Terrick Johnson's Path: From NJCAA To NCAA Division I Track

Photo Credit: MileSplit Tennessee

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When Whitehaven's Terrick Johnson graduated from high school in the spring of 2022, his resume included three state titles, the No. 7 fastest 400 meter time in Tennessee history and a documented range of events that illustrated he could be competitive collegiately from 100m all the way to the 800m.

What it did not include, however, was a scholarship offer someone of his caliber would typically command. 

"People would ask me this question too coming out of high school if I had any D-1 offers but no, nobody in D-1 hit me up," he said. 

Johnson will admit up front that his academic resume was not at the same level as his athletic one, but recruiting at that time was also in a peculiar situation.

All NCAA track athletes had received an extra year of eligibility due to the canceled season in the spring of 2020, bloating team rosters for the subsequent years.

Scholarships were not as available and Johnson found himself headed to Meridian Community College, a National Junior College Athletic Association school in Eastern Mississippi as a result. 

The JUCO Pipeline


Johnson's path wasn't an uncommon detour, however, and many have thrived taking it.

Most notably, before Fred Kerley broke the NCAA Outdoor record in the 400m in 2017, he spent two years at South Plains College before joining the Texas A&M Track program. Before Terrance Laird became an NCAA 100m champion for Louisiana State in 2021, he enrolled at Hinds CC following a stint with Penn State. 

Meridian reinforces this possibility to its athletes.

Johnson describes a board in the Meridian athletic facility that showcases what all athletes have gone through at the program and the schools they enrolled after they graduated.

During his freshman year, Johnson improved his time in the 800m from 1:54.94 in high school down to 1:51.78 and helped the Eagles secure a third-place finish at the NJCAA Outdoor National Championships in the 4x400m relay with a 3:07.19. 

The teams that placed first and second were South Plains (3:03.31) and Indian Hills Community College out of Iowa (3:03.96). That second one was important because that's where Johnson transferred to this past summer after a coaching change at Meridian. 

Though the indoor season is not yet over, to say that Terrick has thrived at Indian Hills may be an understatement.

On February 9, Johnson and his teammates set an NJCAA national record of 9:43.60 in the DMR; Johnson ran an 800m split of 1:49.9.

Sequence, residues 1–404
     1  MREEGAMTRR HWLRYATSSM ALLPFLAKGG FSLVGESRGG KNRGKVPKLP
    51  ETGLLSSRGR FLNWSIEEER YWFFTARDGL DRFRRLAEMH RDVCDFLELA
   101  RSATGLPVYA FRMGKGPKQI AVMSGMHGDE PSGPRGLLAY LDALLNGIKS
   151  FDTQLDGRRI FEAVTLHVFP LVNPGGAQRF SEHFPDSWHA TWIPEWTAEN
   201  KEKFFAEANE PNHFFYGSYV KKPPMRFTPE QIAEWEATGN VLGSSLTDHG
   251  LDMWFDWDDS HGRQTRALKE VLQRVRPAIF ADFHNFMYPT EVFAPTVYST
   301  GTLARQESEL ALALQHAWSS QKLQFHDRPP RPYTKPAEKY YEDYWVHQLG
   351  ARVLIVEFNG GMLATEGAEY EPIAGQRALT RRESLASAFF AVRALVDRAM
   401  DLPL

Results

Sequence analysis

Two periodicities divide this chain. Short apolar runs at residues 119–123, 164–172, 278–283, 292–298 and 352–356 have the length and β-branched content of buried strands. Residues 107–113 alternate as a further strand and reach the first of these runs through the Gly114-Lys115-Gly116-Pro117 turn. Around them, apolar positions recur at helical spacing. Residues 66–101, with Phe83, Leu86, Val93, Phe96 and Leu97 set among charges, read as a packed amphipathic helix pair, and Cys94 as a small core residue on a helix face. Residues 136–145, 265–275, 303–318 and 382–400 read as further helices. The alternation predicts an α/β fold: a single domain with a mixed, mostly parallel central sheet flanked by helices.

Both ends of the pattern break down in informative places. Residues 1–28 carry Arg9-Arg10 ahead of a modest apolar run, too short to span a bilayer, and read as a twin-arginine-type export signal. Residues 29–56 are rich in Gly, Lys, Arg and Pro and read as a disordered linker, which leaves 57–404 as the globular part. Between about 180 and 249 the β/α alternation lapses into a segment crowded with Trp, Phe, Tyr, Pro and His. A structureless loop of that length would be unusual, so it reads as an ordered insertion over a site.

While it goes without saying this is the fastest time in the NJCAA's this season, against all Division I NCAA programs it would rank 11th at the time of this publishing. 

Others took notice of these accomplishments and just yesterday Johnson committed to the University of Iowa after he received the offer he thought he would get initially when he graduated.  

"Don't Worry About Offers"


When I spoke with Terrick about this article, I asked him what advice he would give an athlete who is coming up on their final track season without the interest from the programs they think they should be attracting.

His ultimate advice he gave was to stop worrying. 

"Don't worry about offers while you are in high school," he told me. "Have fun with it. That's the problem I had when I was in high school. I was worried about offers a lot and that messed up a lot of my racing. I would be all in my head thinking like this race is probably going to change my life and every time I thought of it like that I had a bad race."

He also emphasized that even though an athlete may have to settle on the school at first, you won't be settling on the level of competition. Some of the leading times for the NJCAAs last outdoor season were exemplary and competitive even at the Division I level. 





Though Johnson's journey to NCAA Division I Track and Field may not be the standard recruiting experience, his is and will be a viable option that athletes should consider if they find themselves in similar circumstances. 

Congratulations to Terrick on his commitment and good luck in Iowa City next season.